Autofocus is quite slow in daylight and even more sluggish in low light. You can get decent details in daylight landscapes shots provided you and your subject don't move around. HDR mode is present but you need to engage it manually. Pictures exhibit lots of chromatic aberration when shooting against the light, and we couldn’t find any way to turn off the app's focus lock and shutter button sounds, which are annoyingly loud.
We struggled to get any usable shots in low light. The phone also has trouble with macros, even in good lighting. Video recording tops out at 1080p but once again, quality is strictly average. There’s an option for EIS (electronic stabilisation) which does an okay job at fixing minor shakes. The front 5-megapixel camera isn't great for selfies, with mushy details and poor light metering. Video recording here maxes out at 480p.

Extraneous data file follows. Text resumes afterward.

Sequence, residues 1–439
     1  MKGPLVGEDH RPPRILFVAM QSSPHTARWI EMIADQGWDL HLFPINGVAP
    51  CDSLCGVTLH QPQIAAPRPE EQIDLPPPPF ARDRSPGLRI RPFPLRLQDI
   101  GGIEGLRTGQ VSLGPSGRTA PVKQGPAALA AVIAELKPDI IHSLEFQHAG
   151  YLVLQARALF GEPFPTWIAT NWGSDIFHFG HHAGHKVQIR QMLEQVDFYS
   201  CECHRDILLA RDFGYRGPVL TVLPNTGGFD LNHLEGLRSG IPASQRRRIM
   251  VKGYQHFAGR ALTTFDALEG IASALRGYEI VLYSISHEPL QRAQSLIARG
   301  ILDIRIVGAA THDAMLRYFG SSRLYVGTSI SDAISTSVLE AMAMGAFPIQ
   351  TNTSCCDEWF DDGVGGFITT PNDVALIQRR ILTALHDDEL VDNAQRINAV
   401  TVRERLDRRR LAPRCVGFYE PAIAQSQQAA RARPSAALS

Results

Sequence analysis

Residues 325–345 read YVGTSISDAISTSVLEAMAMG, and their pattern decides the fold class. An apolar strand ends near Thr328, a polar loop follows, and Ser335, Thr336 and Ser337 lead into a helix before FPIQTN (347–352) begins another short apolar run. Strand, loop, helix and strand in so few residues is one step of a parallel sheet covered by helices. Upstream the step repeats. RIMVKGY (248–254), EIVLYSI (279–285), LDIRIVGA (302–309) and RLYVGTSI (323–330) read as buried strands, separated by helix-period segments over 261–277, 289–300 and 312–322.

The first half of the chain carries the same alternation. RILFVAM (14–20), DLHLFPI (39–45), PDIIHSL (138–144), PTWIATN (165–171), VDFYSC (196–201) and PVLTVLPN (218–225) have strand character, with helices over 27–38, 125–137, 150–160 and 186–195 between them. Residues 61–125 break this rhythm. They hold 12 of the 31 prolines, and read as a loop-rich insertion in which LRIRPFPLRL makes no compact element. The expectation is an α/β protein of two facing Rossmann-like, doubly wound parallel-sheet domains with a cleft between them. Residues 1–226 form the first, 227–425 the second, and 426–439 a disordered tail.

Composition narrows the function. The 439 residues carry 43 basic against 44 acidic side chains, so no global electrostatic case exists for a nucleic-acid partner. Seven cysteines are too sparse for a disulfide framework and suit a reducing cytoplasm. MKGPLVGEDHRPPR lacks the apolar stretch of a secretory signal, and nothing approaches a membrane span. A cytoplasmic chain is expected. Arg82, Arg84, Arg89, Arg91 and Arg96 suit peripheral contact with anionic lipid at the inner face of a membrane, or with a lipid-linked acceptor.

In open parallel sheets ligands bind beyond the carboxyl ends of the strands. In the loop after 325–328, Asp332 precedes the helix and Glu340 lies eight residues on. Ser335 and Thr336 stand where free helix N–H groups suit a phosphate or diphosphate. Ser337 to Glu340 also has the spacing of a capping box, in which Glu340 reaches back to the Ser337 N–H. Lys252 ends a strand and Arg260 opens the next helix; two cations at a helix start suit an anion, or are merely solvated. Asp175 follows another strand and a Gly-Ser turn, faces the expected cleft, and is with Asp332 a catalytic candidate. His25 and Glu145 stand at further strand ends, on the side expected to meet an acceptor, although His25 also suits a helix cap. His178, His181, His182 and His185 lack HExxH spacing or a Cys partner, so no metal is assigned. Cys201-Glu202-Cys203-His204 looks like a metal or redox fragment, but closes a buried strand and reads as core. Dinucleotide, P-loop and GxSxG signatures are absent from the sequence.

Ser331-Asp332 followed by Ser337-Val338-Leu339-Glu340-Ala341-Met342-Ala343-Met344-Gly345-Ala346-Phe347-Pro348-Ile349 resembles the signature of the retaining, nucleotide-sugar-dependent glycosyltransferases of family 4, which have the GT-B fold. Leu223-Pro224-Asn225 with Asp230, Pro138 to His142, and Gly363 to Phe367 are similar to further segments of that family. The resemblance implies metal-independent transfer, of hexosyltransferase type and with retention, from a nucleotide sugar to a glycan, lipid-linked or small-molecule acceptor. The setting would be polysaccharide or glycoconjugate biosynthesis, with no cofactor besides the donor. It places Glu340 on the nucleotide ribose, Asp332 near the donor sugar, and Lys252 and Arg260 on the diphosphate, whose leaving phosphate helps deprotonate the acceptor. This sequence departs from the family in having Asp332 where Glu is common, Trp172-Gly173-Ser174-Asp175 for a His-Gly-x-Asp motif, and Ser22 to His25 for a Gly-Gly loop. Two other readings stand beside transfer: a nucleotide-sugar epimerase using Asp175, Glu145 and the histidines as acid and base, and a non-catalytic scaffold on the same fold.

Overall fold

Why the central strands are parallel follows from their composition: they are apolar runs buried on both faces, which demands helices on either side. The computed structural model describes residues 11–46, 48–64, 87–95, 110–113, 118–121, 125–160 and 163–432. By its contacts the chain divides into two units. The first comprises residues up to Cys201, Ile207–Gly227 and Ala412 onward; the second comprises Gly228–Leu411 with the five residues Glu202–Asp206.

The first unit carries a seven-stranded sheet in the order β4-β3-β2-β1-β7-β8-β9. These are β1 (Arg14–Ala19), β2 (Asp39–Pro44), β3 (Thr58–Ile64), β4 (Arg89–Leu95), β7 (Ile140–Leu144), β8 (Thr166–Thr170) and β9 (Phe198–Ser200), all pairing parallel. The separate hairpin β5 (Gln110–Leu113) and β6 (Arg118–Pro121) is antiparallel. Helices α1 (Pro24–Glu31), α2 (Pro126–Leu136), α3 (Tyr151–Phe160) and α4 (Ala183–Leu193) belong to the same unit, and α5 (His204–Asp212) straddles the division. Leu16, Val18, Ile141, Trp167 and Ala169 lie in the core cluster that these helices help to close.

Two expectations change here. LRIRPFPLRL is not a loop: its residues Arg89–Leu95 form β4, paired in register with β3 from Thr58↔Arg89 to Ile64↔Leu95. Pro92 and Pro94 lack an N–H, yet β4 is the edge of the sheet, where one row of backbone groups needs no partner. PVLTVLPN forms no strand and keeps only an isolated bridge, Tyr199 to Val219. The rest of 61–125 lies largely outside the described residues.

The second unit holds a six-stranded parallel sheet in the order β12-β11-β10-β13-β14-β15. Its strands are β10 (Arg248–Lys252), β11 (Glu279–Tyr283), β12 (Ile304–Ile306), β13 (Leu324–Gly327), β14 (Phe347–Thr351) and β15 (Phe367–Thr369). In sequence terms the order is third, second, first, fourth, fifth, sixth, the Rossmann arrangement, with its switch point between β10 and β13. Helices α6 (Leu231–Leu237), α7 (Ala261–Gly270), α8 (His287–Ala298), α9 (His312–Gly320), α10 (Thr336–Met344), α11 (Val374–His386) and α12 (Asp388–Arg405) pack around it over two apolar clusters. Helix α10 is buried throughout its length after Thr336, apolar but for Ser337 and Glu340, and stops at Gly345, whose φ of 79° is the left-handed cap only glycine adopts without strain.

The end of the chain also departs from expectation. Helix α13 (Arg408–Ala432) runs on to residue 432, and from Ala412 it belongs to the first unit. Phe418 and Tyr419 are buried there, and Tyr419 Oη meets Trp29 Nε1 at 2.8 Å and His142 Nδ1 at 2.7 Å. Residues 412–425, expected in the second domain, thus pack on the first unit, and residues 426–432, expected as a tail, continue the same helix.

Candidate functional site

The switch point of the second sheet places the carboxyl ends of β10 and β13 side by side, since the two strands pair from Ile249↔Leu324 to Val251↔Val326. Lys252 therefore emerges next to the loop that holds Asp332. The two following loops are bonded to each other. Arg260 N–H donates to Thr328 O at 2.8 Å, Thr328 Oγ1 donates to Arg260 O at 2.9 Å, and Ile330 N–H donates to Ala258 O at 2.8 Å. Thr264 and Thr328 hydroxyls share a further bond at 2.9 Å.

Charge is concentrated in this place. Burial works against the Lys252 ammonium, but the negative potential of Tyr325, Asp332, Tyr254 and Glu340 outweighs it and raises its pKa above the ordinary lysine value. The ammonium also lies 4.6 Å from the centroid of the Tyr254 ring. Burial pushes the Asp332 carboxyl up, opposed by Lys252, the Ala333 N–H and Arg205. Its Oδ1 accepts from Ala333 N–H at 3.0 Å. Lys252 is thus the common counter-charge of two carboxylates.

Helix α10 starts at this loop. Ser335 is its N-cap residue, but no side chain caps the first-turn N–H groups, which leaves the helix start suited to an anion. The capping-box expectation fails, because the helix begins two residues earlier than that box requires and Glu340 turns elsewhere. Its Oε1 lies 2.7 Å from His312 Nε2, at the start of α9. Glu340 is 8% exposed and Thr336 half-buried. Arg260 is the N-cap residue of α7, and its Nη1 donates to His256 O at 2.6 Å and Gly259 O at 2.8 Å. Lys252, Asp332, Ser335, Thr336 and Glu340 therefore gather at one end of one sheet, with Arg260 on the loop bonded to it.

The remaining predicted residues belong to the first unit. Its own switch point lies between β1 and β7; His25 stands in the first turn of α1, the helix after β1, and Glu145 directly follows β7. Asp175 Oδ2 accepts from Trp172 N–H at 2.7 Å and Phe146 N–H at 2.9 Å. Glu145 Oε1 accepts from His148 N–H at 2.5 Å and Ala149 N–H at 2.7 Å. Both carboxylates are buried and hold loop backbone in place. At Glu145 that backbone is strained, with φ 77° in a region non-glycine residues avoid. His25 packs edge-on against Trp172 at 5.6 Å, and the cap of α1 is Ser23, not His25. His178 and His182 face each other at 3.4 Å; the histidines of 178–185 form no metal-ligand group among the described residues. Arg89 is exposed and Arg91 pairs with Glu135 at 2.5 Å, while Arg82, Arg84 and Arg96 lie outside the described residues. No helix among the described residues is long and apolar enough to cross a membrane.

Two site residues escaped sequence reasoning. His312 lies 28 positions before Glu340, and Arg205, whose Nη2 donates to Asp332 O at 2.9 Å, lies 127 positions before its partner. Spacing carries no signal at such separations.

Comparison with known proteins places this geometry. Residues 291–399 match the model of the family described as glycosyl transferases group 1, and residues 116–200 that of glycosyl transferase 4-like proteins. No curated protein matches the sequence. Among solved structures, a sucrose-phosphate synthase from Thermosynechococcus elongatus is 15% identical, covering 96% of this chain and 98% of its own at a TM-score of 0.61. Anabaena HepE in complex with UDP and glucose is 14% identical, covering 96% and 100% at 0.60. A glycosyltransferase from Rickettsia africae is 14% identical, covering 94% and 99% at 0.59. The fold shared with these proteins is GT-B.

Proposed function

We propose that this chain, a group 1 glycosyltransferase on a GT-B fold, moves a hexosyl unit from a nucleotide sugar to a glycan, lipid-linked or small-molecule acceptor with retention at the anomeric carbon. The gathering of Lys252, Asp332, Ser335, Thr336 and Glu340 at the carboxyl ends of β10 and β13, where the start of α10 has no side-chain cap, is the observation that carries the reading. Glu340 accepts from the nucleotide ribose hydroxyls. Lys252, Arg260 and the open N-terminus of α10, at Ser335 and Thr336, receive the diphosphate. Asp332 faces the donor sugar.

The Turbo 5 Plus uses a 4850mAh battery, which did really well in our HD video loop test. We got a runtime of 14 hours and 57 minutes, which is impressive. However, during actual usage, we just about managed a full day’s worth of usage or even less with lots of gaming. It took us around four hours to charge the battery completely.
The InFocus Turbo 5 Plus offers improved specifications over the Turbo 5, but it still fails to fix some of that model's glaring problems such as camera performance. Adding a second camera hasn’t really helped much, as the bokeh effects are poorly executed and even taking regular shots can be a struggle thanks to the slow focusing and sub-par low-light performance. The phone's interface is also a bit sluggish, and doing any intensive tasks heats it up pretty quickly.
Battery life is probably the only redeeming quality of this phone, but that’s still not enough to justify buying it. If dual cameras are what you’re after then you could look at the Panasonic Eluga Ray 500, which we found to be pretty decent in the short time we spent with it. Then, there's the slightly older Coolpad Cool 1 Dual. If you simply want a solid, reliable performer without dual cameras, then there’s always the Xiaomi Redmi 4, Yu Yureka Black, and Lenovo K6 Power.